Getting Your Honda Accord Radiator Overflow Tank Fixed
Also known as coolant reservoir tank or coolant overflow tank, the radiator overflow tank functions as storage space for the coolant once it heats up and starts expanding. It helps prevent ground contamination and allows the coolant to absorb heat faster, too. Without an overflow tank in your vehicle, the heated coolant tends to flow out of the radiator and onto the ground. Its failure could affect the performance of your engine or your radiator. The following are some issues that drivers encounter with their Honda Accord radiator overflow tank:
Coolant overflow tanks are usually made of plastic. They get punctured and cracked, which causes leaks. Eventually, the cooling system loses a significant amount of coolant, which then leads to engine overheating. These cracks can be fixed with silicone glue or epoxy. Make sure you drain the tank before removing the bolts or screws. Once you have taken out the tank, check for remaining coolant that might not have been removed earlier and dump it. Don't forget to clean every area of the overflow tank before applying silicone glue or epoxy. Then, allow it to dry properly. If the damage is already beyond repair, don't think twice about replacing your radiator overflow tank.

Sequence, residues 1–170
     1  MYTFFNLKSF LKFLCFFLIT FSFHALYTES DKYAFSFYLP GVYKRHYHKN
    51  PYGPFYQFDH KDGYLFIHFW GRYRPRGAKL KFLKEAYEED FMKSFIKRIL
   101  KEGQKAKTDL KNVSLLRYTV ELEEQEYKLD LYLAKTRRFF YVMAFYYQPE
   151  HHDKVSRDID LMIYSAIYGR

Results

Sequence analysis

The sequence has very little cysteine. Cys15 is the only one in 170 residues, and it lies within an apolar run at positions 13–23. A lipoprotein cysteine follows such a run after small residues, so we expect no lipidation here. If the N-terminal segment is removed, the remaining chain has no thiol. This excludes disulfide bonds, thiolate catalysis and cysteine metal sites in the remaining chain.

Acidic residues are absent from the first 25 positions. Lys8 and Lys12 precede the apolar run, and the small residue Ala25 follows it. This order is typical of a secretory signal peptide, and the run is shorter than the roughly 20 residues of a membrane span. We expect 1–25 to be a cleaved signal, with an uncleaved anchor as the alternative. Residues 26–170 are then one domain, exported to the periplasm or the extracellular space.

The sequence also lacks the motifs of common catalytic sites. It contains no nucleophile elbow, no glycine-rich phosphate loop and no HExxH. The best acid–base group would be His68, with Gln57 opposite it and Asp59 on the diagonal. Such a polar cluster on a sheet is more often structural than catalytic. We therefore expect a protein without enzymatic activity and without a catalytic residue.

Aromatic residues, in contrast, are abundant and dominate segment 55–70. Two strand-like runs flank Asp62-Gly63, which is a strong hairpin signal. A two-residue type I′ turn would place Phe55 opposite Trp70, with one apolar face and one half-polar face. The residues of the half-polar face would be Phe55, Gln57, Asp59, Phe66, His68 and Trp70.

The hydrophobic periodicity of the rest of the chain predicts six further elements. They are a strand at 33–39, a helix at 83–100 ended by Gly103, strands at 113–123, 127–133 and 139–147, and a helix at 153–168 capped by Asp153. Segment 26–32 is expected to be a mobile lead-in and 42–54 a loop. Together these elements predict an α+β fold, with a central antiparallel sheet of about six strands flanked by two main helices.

As the coolant runs into the radiator overflow tank, air bubbles are removed. The absence of these bubbles allows the coolant to absorb heat more quickly. However, too much water in the coolant mixture would cause it to boil, which is most likely due to a plugged radiator. To verify the problem, you can test the radiator by feeling the upper hose for cold spots. These cold spots are sure indicators that the radiator is plugged. In this case, you need to flush out the coolant.
Tank keeps going empty
If your radiator overflow tank keeps going empty despite adequately filling it up, you should consider doing a leak-down test. Simply fill your radiator to the brim. If bubbles form once you pressurize the cylinder, a leak may be causing your tank to go empty. Also, you may try putting UV dye in your coolant to easily spot where the leak is coming from. However, if you see no leaks along the lines, you might have to check inside your block. Inspect the head gasket if it is worn out or blown.